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Counsel’s Corner: Diversification is Key for Default Servicing Firms

Michael Barker

Mike Barker

Michael J.  "Mike" Barker is the Managing Partner of the Business, Financial Services & Real Estate Division of Quintairos, Prieto, Wood & Boyer, P.A., which has offices in Florida, USVI, Georgia, Illinois, Kentucky, Michigan, Texas, Arizona, and California.  He is a Jacksonville native and represents clients throughout Florida and the United States. Barker represents clients engaged in the default servicing, banking, mortgage lending and mortgage servicing, construction and development, and title insurance industries in both transactional and litigation matters. Barker can be reached at [email protected].

From the standpoint of default servicing law firms, what is the state of the default servicing industry now with inventory near or below pre-crisis levels?

Observationally and from talking with others in the industry on our side of the aisle is that a number of traditional default law firms are in disarray. Many of these firms took on massive numbers of transfer files with little revenue left in them and now with diminishing new referral volumes they are not able to fund the staffing models to handle the existing number of files for which they are still responsible. Of course, on the other hand, there are other firms that are doing well and planned appropriately for the contraction. The firms that we believe will be left standing when the dust settles will be those that have well diversified practice and client bases and those that have revenue streams that are not significantly linked to one particular practice area. For example, while we have a very large and robust financial services practice area, that revenue comprises only 10 to 12 percent of the firm’s gross revenue.  So even a significant drop in default legal services for our firm would not significantly impact the firm as a whole. As we move forward with the continued referral contraction, the overriding issue facing default servicing firms throughout the country will be financial stability.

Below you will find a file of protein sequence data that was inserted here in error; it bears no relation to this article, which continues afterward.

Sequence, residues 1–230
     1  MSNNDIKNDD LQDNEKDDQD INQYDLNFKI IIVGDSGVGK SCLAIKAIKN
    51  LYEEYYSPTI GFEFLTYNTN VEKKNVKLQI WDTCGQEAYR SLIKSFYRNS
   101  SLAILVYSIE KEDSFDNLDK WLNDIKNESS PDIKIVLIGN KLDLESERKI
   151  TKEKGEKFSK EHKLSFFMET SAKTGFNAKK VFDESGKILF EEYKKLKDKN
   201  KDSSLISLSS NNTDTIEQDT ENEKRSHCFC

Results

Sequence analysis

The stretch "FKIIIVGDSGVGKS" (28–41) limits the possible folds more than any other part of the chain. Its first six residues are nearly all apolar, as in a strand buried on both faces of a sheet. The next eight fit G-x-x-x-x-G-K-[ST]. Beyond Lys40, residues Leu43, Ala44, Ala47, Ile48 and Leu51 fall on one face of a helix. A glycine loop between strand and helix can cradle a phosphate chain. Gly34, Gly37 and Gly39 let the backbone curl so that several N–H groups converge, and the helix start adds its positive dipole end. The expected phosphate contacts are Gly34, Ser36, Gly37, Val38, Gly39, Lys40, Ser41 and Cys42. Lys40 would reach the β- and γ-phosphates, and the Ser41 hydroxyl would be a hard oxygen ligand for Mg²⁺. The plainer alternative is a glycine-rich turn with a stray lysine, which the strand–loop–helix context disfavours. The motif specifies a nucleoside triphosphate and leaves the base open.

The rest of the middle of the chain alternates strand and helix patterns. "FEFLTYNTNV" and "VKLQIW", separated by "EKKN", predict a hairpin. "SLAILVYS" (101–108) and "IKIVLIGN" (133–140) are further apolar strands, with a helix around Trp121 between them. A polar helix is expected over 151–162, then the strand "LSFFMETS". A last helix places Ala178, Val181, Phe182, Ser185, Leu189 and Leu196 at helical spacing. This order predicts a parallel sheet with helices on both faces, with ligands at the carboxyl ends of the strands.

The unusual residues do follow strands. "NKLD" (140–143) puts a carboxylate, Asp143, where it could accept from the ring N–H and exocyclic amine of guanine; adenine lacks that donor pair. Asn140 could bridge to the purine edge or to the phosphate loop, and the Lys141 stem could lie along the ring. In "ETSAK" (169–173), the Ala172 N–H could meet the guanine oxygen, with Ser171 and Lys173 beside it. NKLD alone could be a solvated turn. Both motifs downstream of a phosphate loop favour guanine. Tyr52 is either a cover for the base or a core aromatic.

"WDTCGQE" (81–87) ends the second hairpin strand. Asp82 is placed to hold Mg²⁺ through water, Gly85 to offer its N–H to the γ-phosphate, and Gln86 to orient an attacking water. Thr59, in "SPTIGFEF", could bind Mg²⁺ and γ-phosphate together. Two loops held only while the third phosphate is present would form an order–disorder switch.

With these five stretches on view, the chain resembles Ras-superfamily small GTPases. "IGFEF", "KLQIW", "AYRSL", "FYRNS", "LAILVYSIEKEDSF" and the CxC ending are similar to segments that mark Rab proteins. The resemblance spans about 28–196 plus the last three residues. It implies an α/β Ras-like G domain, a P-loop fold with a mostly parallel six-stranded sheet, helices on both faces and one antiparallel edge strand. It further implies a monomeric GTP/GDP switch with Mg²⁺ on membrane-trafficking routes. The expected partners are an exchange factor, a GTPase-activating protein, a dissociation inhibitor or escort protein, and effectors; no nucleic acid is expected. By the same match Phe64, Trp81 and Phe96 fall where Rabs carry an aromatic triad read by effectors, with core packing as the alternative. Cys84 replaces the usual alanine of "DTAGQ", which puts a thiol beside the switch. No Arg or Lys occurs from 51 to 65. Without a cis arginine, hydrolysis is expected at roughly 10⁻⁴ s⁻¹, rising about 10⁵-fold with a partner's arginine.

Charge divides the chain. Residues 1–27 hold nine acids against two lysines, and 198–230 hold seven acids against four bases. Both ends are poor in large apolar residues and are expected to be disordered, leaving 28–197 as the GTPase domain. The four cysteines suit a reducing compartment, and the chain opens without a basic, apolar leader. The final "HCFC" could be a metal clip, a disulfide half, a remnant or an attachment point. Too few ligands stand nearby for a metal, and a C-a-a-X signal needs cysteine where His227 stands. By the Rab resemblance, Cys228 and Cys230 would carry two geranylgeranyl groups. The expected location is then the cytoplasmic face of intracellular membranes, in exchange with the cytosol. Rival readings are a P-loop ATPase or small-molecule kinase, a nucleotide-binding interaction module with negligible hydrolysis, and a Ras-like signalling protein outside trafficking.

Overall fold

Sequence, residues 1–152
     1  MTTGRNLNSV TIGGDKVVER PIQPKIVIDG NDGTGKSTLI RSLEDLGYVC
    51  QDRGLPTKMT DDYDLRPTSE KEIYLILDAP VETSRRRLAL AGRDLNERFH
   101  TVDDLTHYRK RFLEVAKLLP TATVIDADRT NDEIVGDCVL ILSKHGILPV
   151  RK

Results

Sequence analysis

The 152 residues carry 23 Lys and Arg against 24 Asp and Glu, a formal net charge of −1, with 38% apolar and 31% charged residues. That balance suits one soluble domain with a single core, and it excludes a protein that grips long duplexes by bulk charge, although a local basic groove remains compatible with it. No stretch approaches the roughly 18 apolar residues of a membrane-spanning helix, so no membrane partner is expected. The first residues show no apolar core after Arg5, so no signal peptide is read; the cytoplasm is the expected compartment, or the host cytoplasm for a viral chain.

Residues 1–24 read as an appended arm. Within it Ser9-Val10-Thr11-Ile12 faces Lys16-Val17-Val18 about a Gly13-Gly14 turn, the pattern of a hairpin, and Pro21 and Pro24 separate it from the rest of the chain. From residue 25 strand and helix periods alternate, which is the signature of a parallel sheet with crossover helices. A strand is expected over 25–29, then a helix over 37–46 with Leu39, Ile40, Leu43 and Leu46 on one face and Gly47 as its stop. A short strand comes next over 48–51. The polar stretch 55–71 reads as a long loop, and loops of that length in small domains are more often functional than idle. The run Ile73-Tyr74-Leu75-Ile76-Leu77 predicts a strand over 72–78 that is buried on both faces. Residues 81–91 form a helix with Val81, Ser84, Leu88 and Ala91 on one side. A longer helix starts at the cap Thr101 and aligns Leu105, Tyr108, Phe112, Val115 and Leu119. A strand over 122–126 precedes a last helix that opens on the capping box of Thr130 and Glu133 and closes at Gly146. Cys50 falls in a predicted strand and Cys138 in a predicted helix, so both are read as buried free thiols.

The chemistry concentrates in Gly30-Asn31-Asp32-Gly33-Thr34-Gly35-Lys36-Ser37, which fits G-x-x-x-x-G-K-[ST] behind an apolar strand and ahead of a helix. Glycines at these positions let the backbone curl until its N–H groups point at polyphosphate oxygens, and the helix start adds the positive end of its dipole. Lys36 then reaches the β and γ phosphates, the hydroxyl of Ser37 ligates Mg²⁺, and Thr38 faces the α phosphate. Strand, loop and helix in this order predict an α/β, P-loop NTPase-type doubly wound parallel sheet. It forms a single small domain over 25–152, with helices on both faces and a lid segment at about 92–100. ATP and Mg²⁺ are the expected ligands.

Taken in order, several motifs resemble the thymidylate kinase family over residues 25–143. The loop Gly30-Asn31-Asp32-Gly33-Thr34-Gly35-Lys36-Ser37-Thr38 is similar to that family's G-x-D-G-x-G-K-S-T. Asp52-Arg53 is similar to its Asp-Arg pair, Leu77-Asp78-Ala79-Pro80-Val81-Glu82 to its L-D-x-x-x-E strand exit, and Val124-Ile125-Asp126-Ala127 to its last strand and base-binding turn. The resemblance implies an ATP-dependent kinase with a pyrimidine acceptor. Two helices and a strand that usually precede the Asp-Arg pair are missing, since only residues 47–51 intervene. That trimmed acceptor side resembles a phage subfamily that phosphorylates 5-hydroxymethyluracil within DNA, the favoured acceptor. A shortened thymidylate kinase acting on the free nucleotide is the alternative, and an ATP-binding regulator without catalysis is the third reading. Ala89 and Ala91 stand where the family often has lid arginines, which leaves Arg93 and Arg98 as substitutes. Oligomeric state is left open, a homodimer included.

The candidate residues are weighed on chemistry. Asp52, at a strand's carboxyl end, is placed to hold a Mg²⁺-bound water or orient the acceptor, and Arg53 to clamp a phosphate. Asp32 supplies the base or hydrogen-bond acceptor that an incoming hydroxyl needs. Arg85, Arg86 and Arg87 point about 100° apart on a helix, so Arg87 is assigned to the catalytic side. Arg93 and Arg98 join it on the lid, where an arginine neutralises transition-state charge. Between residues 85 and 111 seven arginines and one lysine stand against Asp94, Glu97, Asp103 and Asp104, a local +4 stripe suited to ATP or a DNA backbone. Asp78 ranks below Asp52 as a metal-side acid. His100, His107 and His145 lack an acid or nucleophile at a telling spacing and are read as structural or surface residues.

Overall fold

How much of an effect did regulation have on foreclosure starts over the last two years?

That is difficult question to answer. I think it is pretty clear that the reduction in the number of foreclosure starts is directly related to the improving economy and ability of consumers to go out and refinance, obtain new loans, and purchase new homes. If anything, regulation from the judiciary, state, and federal regulators was an impediment to moving through the default inventory. Of course, regulation was needed, but it did slow down the process of moving the files.

What is your firm doing as far as diversification?

We have a broad range of litigation practices well outside the default servicing arena. Within the financial services sector, we not only focus on default legal services, but also focusing on our regulatory and compliance practices, and our transactional real estate and title insurance practice. As we see the default inventory continue to contract, what we are seeing is an expansion of a need for regulatory and compliance legal services. Now that the default crisis has passed, what we are seeing is a focus of regulation on mortgage originations and any financial services that are consumer facing. The need for regulatory compliance legal services will continue to expand as the regulators continue to ramp up and expand.

About Author: Brian Honea

Brian Honea's writing and editing career spans nearly two decades across many forms of media. He served as sports editor for two suburban newspaper chains in the DFW area and has freelanced for such publications as the Yahoo! Contributor Network, Dallas Home Improvement magazine, and the Dallas Morning News. He has written four non-fiction sports books, the latest of which, The Life of Coach Chuck Curtis, was published by the TCU Press in December 2014. A lifelong Texan, Brian received his master's degree from Amberton University in Garland.

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